Following the Oscar success of its documentary predecessor, The Times of Harvey Milk in 1985, Milk tells the story of the gay activist and politician, and the first openly gay person to be elected to public office in California. The film was nominated for eight Academy Awards in 2009, and won two: it was honoured with the award for the Best Screenplay, and Sean Penn won for Best Actor.
One could never have thought that a story of forbidden love, set in conservative 1950s America, would speak so universally to audiences that Carol would become Metacritic’s best reviewed film of 2015. This story about two women from different classes and backgrounds who fall in love, garnered six Oscar nominations, including acting nods for its leads, Cate Blanchett and Rooney Mara.
In perhaps the biggest whoopsie-daisy in recent Oscar memory, La La Land was mistakenly announced as the Best Picture winner at the 89th Academy Awards ceremony, but this sought-after accolade ultimately and rightly went to the indie film, Moonlight. The movie addressed issues Hollywood had been wary of touching before, like sexual identity as it pertains to black masculinity, and this courage led to eight Oscar nominations and three wins: for Best Supporting Actor (also making Mahershala Ali the first Muslim to win an acting award at the Oscars), Best Adapted Screenplay, and the evening’s most coveted award of all, Best Picture.
Call Me By your Name (2018)
Call Me By Your Name was nominated for four Oscars, and Timothée Chalamet became the youngest actor to be nominated in the Best Actor category since 1939. Ultimately, it won the Academy Award for Best Adapted Screenplay, making openly gay screenwriter James Ivory the oldest recipient ever in any category. The film came under fire by some for its depiction of a love affair between a 17-year-old boy and an older man. Call Me By Your Name, however, is never exploitative and its sincerity and humanity shine through.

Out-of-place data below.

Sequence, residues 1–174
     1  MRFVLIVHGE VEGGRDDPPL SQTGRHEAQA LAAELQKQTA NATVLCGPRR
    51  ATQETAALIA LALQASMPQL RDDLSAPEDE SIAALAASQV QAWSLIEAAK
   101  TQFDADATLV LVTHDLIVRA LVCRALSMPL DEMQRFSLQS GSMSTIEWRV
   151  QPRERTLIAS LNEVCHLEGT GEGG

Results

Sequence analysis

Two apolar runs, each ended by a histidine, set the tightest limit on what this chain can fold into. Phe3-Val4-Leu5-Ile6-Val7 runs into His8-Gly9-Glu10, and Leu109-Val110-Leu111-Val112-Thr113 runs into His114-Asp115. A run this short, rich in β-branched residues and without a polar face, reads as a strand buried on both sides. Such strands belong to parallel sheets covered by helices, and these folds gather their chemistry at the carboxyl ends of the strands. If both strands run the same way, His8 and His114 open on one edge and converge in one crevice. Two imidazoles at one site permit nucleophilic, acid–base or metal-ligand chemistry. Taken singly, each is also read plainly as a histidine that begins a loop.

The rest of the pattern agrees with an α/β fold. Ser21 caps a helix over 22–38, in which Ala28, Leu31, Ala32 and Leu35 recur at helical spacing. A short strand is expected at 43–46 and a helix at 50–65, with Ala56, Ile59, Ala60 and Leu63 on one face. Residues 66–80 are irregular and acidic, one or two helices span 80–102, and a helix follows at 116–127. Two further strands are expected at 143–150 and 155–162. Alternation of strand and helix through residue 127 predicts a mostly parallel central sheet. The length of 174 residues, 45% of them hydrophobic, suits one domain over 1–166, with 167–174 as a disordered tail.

This year, there is a lot to look forward to in terms of films featuring queer characters and themes vying for the golden statuette.
Refreshingly, none of these Oscar nominations are for so-called “issue films” that focus on queer trauma or coming out, and GLAAD’s President and CEO, Sarah Kate Ellis, has called it “a banner year for LGBTQ inclusion in film and a signal that the Academy is prioritising diverse storytelling at a time when audiences are calling for it”.
Bohemian Rhapsody has been nominated for five Oscars (with Rami Malek being nominated for Best Actor, following his portrayal of Queen frontman and queer icon, Freddie Mercury), lesbian love triangle The Favourite is competing for 10, Green Book has been nominated for five (including Best Supporting Actor for Oscar winner Mahershala Ali’s portrayal of a queer concert pianist) and Can You Ever Forgive Me? has three nominations (including Best Actress for Melissa McCarthy’s performance as the lesbian author Lee Israel).
Here’s hoping for an awards evening that puts every shade of the rainbow in the spotlight!